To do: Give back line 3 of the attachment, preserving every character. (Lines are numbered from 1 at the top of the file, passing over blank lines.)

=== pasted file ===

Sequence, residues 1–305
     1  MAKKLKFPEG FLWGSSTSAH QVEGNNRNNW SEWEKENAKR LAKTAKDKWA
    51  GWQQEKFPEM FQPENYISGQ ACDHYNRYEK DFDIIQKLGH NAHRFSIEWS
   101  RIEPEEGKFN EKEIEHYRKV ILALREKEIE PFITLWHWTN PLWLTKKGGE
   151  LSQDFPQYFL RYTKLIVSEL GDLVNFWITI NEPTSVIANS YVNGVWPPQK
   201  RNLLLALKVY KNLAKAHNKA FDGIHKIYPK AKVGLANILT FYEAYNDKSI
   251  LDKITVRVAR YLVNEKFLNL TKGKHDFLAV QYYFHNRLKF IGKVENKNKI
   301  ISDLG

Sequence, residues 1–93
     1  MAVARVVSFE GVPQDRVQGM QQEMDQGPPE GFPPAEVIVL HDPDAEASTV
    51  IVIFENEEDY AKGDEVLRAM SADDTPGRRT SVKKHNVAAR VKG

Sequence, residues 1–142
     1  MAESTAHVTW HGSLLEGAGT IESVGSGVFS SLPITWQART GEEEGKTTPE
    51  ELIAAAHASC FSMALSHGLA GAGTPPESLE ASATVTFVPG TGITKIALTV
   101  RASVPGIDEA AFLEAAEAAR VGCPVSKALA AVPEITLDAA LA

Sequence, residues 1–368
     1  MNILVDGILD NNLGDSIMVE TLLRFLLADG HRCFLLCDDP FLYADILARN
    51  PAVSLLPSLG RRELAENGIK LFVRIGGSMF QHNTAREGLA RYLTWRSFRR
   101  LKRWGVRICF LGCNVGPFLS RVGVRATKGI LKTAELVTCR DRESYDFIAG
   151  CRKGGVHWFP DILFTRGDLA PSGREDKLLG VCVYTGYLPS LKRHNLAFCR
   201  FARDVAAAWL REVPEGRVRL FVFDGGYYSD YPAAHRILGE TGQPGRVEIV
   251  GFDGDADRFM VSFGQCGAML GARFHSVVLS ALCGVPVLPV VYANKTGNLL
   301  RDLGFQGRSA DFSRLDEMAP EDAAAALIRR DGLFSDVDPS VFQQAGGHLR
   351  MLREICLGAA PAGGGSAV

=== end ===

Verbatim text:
    51  GWQQEKFPEM FQPENYISGQ ACDHYNRYEK DFDIIQKLGH NAHRFSIEWS